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The purpose of the fate point mechanic is to empower the player to steer the narrative in their direction. You always want to be a fan of the PCs when players use a fate point because they're telling you what they wish could happen in the fiction if the rules weren't an obstacle.

The use of a fate point isn't quite the same as GM fiat, because a fate point doesn't determine outcomes, but the goals are the same. Fate points are usually deployed in critical moments, when the random cruelty of the dice threatens to resolve the narrative in an unsatisfying way.

Using Fate Points

To recap, fate points let players do the following three things:

  1. Stabilize a PC on death's door without rolling for it.
  2. Explode a die.
  3. Create narrative advantage.

The most interesting and complicated use of a fate point is narrative advantage, which is the focus of this section.

In all cases, you should treat any use of a fate point with cinematic aplomb. Because fate points are the scarcest mechanic in the game, every use is an occasion for narrative indulgence: ask the player what inspires the PC to persevere when they would have failed if not for exploding the die; have the PC explain what miraculous event has occurred that allows a PC to escape death's door; and so on.

Fate Point Etiquette

  • You do confirm a critical or explode a die on an exploded die. Exploding a die is an explicit mechanism for raising the stakes in the game, and so there's always risk that tempting fate will give the players more than they bargained for.
  • When exploding a die, the player expending the fate point rolls the die (it's only fair).
  • As noted above, fate points can be expended after rolling the dice, but must be declared before the GM renders a resolution, unlike story tags (which have to be declared before rolling the dice).

Sharing Fate Points

A fate point can be "shared" with other players in the sense that if a player can rationalize a way that their PC can help alter the scene on behalf of another PC, then that player can create narrative advantage to benefit the PC in need, or explode their die on their behalf. In the case of exploding the die, the player who is sharing the fate point gets to roll the die.

In the same vein, a player need not have the initiative in order to intervene with a fate point, but the GM should factor in the fact that the player is bypassing initiative when considering the effect of their action, as bypassing initiative can be considered narrative advantage unto itself.

Narrative Advantage

The core rules define narrative advantage as "[changing] the fiction so that it works to your advantage." The rules are vague about what that entails for good reason: creating narrative advantage requires players to be creative. What they come up with will surprise you. Sometimes they will overreach; sometimes they'll be too modest in what they're asking for. It's your job to negotiate what's fair and what goes too far with the fiat granted to them by the fate point. Below are some guidelines and examples to help you.

Guidelines for Adjudication

Fate Points Never Determine Outcomes

If a dragon can't be harmed by mundane weapons, it's not a valid use of a fate point to declare: "I use a fate point to stab the dragon in the heart with my mundane weapon" because that is an outcome. An attack roll always has a chance of failure. So what a fate point could do here is enable the player's mundane weapon to affect the dragon: "I summon the courage of my ancestors so my blade is charged with their spirits, enabling it to penetrate the dragon's hardened scales." The player still has to roll, though the GM might grant them advantage as he's encouraged to be a fan of the PC in this situation.

Fate Points Affect a Single Action

...though the effects of that action might be permanent. In the above example, if the player uses a fate point to have an attack from a mundane weapon bypass the dragon's immunity, the fate point may only empower that attack for the duration of the encounter, but whatever happens as a result of the attack roll succeeding is permanent.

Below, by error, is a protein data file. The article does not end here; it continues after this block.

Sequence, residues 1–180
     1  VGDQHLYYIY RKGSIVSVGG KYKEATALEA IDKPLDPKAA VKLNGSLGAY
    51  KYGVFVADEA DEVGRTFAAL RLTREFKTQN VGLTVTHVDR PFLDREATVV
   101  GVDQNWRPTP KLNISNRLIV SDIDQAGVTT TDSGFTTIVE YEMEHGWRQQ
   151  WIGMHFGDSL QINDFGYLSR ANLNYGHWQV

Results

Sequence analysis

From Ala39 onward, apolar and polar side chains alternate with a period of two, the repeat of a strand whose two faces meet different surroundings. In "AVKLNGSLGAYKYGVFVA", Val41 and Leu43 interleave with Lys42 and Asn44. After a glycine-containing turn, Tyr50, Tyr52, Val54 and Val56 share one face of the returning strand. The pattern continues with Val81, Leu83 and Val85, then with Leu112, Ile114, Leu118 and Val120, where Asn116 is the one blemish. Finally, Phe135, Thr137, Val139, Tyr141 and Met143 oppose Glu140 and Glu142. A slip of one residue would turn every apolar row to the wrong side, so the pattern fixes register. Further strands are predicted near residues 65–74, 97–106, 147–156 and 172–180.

Fate Points Have Immediate Effect

Fate points are meant to affect the present moment of the fiction, not something in its past or future. Even a flashback designed to explain how a PC has the key to get out of the jail is about the present moment: escaping the jail. In the same vein, a player could alter known lore such that their PC is able to do something that's impossible because they already had such knowledge in their childhood, and are just now remembering it.

Fate Points Shouldn't Contradict The Fiction

While it's reasonable to reveal something that hasn't yet been introduced to the scene, it's not reasonable for the fate point to alter the scene so dramatically that it's not the same scene anymore. If you're in a tavern full of mob bosses in Eastern Europe, a fate point won't let you change the scene to a beachside motel in California.

Fate Points Don't Bypass the Core Rules

For the most part, the use of a fate point shouldn't obviate the need to roll. Fate points generally make it possible to roll when rolling would otherwise be impossible. It's up to you whether you want to waive the roll if the ask is minor or the narrative effect outweighs the chance of meaningful failure, but keep in mind that the more you do this, the more you risk inadvertent favoritism when other players expend a fate point and you require them to roll.

Types of Narrative Advantage

While the sky's the limit as far as generating ideas go with narrative advantage, typically their use boils down to a handful of broad categories.

Alter the Scene

The most common use of narrative advantage: add something to the scene. Crowd of guards in the ballroom? A chandelier hangs over them that you can swing across or drop onto them to escape.

Alter the Lore

Add to (or re-interpret) what's known about the world to take advantage in the moment. You're surrounded by bandits, but you declare that one of them is your cousin.

Create a Flashback

Establish that something was done in the past to set up for this moment. Did the badguys spot you during the heist? You flashback to when you set up a diversion that conveniently gets you out of the spotlight.

ENhance Your Equipment

Create supply out of nothing or enhance equipment to do things it ordinarily can't do.

Recover Miraculously

Tap into some hitherto unknown reserve of willpower or divine grace to recover HP or MP (or some other limited in game resource)—typically 1d6, in the form of a consumable—or shed a major peril like a poison or disease.

Enhance a Spell or Ability

Creatively extend the area of effect, targets, range, or other impact of a spell or ability so that it can do something outside its capabilities.

Make the Impossible, Possible